Border changes have caused major issues in Albury-Wodonga with Victorians fleeing in droves, and concerns the cross-border bubble may shrink if NSW coronavirus cases grow.
Hundreds of holidaymakers quickly left Albury and surrounds on Thursday afternoon as Victorian Acting Premier Jacinta Allan announced plans to close the border into Victoria from 11.59pm on Friday, and announced isolation rules for those returning.
For border residents the existing system of being able to cross the Murray River by showing your driver's licence will remain. However, the size of the bubble could contract. It now extends as far as Alpine, Bendigo and Shepparton in Victoria and up to Hay and Wagga in NSW.
Dr Craig Underhill said online that the measures could trigger a potential health crisis with healthcare staff forced to isolate if unable to return to the bubble in time.
Ms Allan on Thursday said Victorians would need to return home from NSW by midnight tonight to avoid hotel quarantine, but the changes, including testing and quarantine measures, left many feeling uncertain.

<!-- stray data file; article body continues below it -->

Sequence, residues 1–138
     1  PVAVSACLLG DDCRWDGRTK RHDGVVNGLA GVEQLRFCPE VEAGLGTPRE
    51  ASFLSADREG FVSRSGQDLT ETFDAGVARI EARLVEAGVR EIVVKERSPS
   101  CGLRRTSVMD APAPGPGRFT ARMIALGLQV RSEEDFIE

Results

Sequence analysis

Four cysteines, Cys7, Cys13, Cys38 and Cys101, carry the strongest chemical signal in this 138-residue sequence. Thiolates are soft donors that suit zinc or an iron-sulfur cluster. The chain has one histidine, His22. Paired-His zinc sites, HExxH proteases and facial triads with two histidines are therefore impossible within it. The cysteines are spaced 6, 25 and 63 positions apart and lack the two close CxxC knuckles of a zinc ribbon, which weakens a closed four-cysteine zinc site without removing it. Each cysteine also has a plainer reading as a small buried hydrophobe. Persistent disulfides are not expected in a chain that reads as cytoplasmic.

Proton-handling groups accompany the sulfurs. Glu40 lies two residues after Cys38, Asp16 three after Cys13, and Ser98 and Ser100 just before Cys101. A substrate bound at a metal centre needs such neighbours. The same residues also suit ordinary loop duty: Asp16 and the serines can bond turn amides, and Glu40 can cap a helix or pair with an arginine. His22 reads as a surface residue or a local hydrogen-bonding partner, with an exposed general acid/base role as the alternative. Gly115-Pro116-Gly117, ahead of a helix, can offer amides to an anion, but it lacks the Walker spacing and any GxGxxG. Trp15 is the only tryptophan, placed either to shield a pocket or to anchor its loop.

Dozens of people began packing up at the Quality Siesta Resort on Wagga Road as the announcement was made, with some cutting their holidays short within an hour of the announcement.
Lake Hume Resort had 14 cancellations in the hour after Ms Allan's decision being publicised.
Holidaymakers at the Siesta, including Georgia Papadeas, told The Border Mail the changes were unclear.
"I think that's not a fair amount of time to give someone," she said.
"It's created a mass exodus rush and no one's really 100 per cent certain.
"It's wishy washy, nobody really knows what's what, but we can't afford to risk it.
"We've heard a lot of mixed stories.
"We're going just in case - we can't get stuck."
Many, including Lou Smythe, said they wanted to avoid being stuck in quarantine.
"We've only been here for one night ... it's a s--- way to end the year," she said.
Lori Ristevski had only arrived in Albury at 1pm on Thursday.
He had left with his family by about 5.30pm.
"We're very unsure what you can and can't do," he said.
"There's just mixed messages.
"But you do what you've got to do in regards to the protection of your family and everyone else."
The changes were made after eight locally acquired cases were recorded in Victoria.